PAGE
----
Increasing need for ICT / IoT to meet various problems
Examples of customers’ issues
- 1. Scarcity and aging of skilled technicians
- 2. Reduced production efficiency due to equipment failures
- 3. Improvement of the work environment including measures to deal with extreme heat
- 4. Complicated documents and data
- 5. Insufficient communication between sales and production sites
- 6. Lack of IT system specialists
Recently, our business and industrial customers have been coping with a variety of issues such as the scarcity and aging of skilled technicians and reduced production efficiency due to equipment failures.
We strive to solve such problems by gaining an understanding of the current and emerging needs of our customers. Our many opportunity of contact with our customers have provided us with the possibility to create value in collaboration with related players. Thus, we provide our customers with diverse services and new technologies useful for solving their problems.
Realizing the potential of the heat transfer and structural analysis technologies cumulated through energy businesses
In the process of developing kitchen for home and commercial use, Osaka Gas has compiled a significant amount of analysis data regarding food and cooking. The Food Science Lab of the Energy Technology Laboratories conducts research to maximize the appeal of food by scientifically clarifying the key phenomena related to cooking and food preparation.
In order to determine the appropriate immersion period for rice used in sake brewing, Osaka Gas jointly with the Fushimi Sake Brewers Association developed a method for evaluating the absorption status of sake rice. We conducted this research as an application of our knowledge of food science and technology for developing gas cookers.
Contributing to the SDGs
Solutions and initiatives
Working with our customers to devise solutions
In addition to the simulation and sensor technologies and the system development and data analysis expertise we have cultivated through our gas business, the Daigas Group offers our customers IoT systems that address their various problems.
In FY2019, we collaborated with the Fushimi Sake Brewers Association to develop a new method of evaluating the absorption status of sake rice with our proprietary image recognition technology. While demand for the ginjo and daiginjo varieties of sake has increased in recent years, the number of head brewers and skilled brewers has been on the decline, leading to demand for more scientific support and technology transfer.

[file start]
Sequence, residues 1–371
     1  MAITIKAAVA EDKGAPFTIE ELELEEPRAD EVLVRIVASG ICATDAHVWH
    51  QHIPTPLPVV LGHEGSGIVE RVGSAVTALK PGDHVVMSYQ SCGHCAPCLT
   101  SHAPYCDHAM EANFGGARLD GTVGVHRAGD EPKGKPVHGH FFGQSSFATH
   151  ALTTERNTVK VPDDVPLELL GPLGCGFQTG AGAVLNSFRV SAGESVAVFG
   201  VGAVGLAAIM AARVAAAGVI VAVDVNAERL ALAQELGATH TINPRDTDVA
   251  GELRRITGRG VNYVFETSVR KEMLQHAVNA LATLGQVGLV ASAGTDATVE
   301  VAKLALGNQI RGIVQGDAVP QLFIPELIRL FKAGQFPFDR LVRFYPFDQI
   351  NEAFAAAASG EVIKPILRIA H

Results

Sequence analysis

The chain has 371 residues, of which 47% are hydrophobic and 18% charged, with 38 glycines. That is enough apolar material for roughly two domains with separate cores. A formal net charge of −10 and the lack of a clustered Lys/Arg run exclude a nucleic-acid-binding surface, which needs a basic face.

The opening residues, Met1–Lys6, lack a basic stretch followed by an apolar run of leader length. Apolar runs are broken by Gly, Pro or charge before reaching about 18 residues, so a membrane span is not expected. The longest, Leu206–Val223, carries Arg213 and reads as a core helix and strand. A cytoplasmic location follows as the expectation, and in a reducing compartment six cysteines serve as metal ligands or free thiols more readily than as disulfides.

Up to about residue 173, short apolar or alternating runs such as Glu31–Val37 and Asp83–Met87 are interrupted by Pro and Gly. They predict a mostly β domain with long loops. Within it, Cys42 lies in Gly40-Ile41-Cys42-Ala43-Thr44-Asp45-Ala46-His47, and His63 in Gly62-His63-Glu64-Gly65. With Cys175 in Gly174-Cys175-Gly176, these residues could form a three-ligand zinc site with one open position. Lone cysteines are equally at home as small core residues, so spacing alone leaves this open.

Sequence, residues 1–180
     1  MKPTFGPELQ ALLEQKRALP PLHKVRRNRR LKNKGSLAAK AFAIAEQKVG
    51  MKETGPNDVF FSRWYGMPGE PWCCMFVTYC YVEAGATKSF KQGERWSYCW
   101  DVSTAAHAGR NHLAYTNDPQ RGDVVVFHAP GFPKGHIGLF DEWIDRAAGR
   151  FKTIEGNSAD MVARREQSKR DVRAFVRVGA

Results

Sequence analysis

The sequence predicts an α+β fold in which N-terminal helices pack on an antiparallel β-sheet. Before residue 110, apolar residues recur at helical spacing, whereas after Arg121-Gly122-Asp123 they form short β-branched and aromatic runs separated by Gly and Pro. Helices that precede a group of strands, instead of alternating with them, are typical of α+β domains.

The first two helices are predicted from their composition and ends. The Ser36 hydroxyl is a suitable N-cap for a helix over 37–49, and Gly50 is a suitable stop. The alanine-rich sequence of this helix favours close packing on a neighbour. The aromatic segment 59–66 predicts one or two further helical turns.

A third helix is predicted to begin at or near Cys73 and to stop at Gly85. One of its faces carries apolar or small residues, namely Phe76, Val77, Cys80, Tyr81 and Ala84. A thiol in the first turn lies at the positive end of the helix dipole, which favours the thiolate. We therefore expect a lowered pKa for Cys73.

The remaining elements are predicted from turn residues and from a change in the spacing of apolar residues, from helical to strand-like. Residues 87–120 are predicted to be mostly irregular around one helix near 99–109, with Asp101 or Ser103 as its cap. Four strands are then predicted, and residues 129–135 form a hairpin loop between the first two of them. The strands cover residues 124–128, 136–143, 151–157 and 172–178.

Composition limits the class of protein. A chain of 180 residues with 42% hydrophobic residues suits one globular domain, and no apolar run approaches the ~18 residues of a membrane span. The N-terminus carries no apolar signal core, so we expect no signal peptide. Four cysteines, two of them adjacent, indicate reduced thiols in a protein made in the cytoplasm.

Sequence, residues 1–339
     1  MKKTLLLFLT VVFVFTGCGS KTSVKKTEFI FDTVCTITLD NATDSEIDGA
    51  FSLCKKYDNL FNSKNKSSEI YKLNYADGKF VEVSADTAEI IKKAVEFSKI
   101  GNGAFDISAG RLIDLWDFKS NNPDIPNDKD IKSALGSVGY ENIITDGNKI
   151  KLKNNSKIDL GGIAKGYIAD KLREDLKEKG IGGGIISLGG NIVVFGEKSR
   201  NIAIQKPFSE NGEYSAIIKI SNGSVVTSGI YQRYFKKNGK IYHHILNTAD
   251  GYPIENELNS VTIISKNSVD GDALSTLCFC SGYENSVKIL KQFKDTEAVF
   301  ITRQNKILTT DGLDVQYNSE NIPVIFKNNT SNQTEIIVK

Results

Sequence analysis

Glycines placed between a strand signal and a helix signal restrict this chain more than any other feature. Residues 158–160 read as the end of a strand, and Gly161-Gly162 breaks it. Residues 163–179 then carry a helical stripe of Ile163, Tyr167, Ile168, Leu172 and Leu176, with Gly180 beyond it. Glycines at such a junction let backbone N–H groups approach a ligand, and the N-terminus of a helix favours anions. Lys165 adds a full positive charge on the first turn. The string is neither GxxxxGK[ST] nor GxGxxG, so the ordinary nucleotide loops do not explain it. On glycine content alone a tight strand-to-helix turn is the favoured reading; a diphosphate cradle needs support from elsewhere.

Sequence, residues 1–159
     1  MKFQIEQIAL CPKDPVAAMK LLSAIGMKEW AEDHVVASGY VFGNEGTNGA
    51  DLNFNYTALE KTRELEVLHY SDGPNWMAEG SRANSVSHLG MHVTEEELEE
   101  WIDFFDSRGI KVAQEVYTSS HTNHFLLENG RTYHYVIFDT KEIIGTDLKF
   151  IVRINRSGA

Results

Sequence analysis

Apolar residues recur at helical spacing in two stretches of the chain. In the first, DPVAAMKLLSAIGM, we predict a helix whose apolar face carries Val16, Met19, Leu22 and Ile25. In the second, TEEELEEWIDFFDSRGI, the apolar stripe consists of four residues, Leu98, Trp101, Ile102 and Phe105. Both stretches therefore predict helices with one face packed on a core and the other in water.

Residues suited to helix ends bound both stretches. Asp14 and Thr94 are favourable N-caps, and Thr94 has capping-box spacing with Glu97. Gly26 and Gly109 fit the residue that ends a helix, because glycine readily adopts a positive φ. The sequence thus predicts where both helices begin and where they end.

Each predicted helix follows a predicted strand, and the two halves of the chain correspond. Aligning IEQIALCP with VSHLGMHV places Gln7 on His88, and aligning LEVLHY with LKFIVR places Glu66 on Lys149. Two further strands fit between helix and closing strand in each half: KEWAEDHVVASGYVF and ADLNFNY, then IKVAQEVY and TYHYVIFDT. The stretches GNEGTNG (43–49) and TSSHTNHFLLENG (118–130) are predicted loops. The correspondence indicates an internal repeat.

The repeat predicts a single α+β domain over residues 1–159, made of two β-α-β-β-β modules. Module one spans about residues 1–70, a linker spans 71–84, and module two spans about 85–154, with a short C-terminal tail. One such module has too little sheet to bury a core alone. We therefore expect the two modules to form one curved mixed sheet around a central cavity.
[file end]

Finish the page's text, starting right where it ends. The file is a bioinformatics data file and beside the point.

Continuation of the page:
Going forward, we intend to continue applying IoT services and the results of our Group’s R&D and information and communication technology—such as our one-stop Plant IoT Service*—to help address the various issues our customers are currently facing.
In order to determine the amount of water absorbed by soaking rice, the Food Science Lab undertook an R&D effort to devise an image recognition technology for evaluating the visual change in rice caused by water absorption.
We were consulted by a sales representative to determine whether this technology could be used for value-added products of interest to corporate customers. Thus, in 2016 we collaborated with the Fushimi Sake Brewers Association to determine the amount of water absorbed by sake rice soaked in water. We verified the consistency with existing evaluation methods and correlations with data on brewing sites. After two years of joint study, we confirmed that this method is effective for evaluating water absorption status of sake rice and that it closely conforms with the vast expertise of the head brewers. We aim to introduce this method at various sake brewing locations.
The feature of this technology is that it can quantify and visualize the progress of the “soaking process” through which rice absorbs water when immersed. The soaking process is very important to sake brewing, and the time required for proper soaking varies with the type of rice, soil of the rice field, and the ambient temperature. The soaking time is thus controlled to the second as determined by the skill and experience of the head brewers.
The sake rice for ginjo and daiginjo sake absorbs water quickly, and cracks appear when the water is absorbed because the kernels have been polished down to no more than 60% of the size of typical brown rice kernels. By developing a new technology that captures these changes in three dimensions and image recognition technology using AI, we were able to accurately capture changes in seconds. This became the point of technology breakthrough.
In addition to using this technology for rice evaluation, we are conducting R&D to address various other food evaluation technologies. We intend to offer them as part of the wide range of solutions we provide, and we hope to develop new services that will help our customers improve quality and control of manufacturing processes, and develop products.